Monday, October 31, 2011

Cow Tongue and Toothpaste...

I recently had the opportunity to do storytime for a bunch of kids in grades 4-6, as part of my churches AWANA program.

If you are ever in need of an attention grabbing object lesson for kids, let me share the one I used:

First, you have to go to your local grocery store and buy a big ol ugly cow tongue (sorry to any of you who eat those things - but, really!!??!!).
You also pick up a large tube of toothpaste. The particular brand simply doesn't matter, just get the jumbo size tube.

Then, the big ol ugly cow tongue goes into a STRONG ziplock bag (so it is never to escape). And the STRONG ziplock bag goes into a green garbage bag.

Before you allow the room full of grades 4-6 eager beavers to reach their hand into the green garbage bag, and feel the big ol ugly cow tongue, you make them promise (and they will promise) that they won't shout out any guesses of what they think they're touching through the STRONG ziplock bag.

Then, you have a rediculous BLAST watching each of the eager beavers' reactions as they handle the big ol ugly cow tongue - because they don't have a CLUE what they are feeling. Did I say rediculous BLAST? Rediculous. BLAST.

After everyone who wants a turn has had a turn, you ask those eager beavers, "What do you think is inside the green garbage bag, inside the STRONG ziplock bag?" And your rediculous BLAST continues as they will guess every imaginable gross, soft, squishy thing they can think of.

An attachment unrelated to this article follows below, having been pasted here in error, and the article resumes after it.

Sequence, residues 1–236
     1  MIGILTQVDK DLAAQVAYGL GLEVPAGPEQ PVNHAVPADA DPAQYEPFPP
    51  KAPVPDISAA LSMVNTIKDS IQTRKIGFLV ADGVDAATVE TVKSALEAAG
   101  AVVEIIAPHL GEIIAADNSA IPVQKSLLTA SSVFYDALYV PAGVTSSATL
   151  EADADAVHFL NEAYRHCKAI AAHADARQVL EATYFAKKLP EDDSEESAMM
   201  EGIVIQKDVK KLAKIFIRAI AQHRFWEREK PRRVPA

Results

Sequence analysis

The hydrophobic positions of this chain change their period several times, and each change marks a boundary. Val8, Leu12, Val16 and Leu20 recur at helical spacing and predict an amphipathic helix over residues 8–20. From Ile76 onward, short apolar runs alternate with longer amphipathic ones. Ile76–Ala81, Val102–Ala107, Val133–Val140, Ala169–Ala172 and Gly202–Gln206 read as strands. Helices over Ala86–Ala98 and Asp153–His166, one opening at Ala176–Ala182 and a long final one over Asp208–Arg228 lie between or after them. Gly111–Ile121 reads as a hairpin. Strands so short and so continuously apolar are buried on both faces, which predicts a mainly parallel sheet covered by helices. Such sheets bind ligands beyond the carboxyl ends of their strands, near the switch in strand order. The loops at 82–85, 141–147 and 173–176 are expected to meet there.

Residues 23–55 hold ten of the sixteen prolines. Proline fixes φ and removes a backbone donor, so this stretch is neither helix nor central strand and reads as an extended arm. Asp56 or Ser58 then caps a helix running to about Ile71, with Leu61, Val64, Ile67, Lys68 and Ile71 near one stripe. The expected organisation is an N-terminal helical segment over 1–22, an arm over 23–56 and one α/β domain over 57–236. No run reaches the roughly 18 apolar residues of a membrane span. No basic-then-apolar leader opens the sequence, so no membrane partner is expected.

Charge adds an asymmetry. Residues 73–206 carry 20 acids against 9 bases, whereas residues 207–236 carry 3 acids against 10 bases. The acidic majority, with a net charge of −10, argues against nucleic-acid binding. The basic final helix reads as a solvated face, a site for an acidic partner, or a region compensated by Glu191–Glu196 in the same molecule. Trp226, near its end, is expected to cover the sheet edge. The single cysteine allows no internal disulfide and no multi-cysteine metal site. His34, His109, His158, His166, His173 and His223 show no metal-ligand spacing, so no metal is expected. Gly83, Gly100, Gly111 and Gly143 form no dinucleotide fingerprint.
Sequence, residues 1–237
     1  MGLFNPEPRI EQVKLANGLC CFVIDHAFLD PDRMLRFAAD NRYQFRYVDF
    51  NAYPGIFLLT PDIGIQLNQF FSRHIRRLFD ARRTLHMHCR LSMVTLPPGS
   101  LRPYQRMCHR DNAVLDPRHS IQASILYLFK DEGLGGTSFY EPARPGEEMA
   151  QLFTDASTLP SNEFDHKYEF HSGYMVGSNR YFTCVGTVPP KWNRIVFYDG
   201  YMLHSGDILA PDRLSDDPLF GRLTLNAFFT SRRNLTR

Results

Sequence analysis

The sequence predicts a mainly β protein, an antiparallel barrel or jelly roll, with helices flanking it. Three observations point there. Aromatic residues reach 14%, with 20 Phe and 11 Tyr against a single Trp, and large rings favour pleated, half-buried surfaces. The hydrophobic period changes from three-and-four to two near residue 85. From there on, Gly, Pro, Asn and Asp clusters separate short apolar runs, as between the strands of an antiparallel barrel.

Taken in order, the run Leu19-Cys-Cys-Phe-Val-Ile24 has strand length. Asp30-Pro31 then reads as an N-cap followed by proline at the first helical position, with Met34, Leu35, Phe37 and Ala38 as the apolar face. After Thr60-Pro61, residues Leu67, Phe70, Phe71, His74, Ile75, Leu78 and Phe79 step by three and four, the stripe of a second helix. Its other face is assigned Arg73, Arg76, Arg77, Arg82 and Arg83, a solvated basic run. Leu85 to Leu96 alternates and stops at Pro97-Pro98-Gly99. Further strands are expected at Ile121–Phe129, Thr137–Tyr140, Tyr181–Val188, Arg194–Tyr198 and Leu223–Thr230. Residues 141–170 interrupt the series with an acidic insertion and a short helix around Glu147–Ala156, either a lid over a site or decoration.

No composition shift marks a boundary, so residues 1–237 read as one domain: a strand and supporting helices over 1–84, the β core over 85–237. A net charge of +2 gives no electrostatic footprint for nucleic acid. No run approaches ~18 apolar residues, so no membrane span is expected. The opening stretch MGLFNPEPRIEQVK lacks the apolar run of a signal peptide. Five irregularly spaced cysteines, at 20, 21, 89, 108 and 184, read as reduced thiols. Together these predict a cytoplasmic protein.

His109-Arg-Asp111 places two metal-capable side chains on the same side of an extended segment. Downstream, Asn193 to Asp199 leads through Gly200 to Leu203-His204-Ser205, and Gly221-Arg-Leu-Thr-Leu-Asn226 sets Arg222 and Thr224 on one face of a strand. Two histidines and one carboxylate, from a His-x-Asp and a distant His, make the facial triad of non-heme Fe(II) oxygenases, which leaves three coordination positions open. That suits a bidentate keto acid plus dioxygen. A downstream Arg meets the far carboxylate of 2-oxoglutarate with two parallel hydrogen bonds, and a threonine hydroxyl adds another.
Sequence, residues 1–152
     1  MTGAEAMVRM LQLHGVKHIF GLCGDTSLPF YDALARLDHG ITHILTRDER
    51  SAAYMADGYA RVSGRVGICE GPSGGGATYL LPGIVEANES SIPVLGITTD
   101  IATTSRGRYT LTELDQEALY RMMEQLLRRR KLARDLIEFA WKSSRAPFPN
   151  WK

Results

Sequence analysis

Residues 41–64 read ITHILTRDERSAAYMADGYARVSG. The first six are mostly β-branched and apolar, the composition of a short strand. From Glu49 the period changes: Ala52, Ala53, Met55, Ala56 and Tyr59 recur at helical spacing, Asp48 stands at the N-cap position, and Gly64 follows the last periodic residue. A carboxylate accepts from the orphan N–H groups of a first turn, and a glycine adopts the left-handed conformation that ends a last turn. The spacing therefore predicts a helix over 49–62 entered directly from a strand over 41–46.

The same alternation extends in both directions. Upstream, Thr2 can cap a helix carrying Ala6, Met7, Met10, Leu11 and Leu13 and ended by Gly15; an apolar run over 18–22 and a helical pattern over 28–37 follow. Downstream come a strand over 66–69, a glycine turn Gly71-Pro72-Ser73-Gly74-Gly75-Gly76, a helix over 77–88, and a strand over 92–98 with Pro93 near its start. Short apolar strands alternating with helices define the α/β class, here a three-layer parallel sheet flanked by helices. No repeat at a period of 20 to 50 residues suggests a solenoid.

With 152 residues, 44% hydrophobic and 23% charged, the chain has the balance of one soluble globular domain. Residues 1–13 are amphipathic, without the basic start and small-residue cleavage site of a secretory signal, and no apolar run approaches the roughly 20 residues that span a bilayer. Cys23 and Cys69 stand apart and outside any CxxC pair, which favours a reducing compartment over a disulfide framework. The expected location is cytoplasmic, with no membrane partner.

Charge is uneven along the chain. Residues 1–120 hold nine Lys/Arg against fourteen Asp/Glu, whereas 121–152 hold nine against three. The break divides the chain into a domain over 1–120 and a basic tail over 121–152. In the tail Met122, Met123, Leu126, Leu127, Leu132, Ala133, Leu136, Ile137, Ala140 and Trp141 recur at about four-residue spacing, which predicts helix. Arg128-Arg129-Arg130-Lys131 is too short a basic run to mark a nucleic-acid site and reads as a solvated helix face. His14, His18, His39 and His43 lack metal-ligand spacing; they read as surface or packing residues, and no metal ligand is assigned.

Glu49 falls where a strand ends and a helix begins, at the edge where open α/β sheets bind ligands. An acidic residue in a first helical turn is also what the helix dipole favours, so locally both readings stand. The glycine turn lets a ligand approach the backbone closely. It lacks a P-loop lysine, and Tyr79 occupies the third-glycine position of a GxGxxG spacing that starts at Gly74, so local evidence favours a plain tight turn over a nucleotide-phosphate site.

And, then, someone will guess "a tongue?".

You'll reach, slowly, into the green garbage bag (this slowmo - or should I say slowMOO... ahahahaha, sorry - is totally for effect. Work it!) and you'll pull that big ol ugly cow tongue out of the green garbage bag. The room will go wild because it really is gross to look at in the first place, but even worse after 30+ eager beaver hands have been squishing it. Consider yourself warned.

Let me tell you though, those eager beavers are primed!
They are ready to hear what you have to say because they have no idea what to expect from you!
Their interest is more than peaked!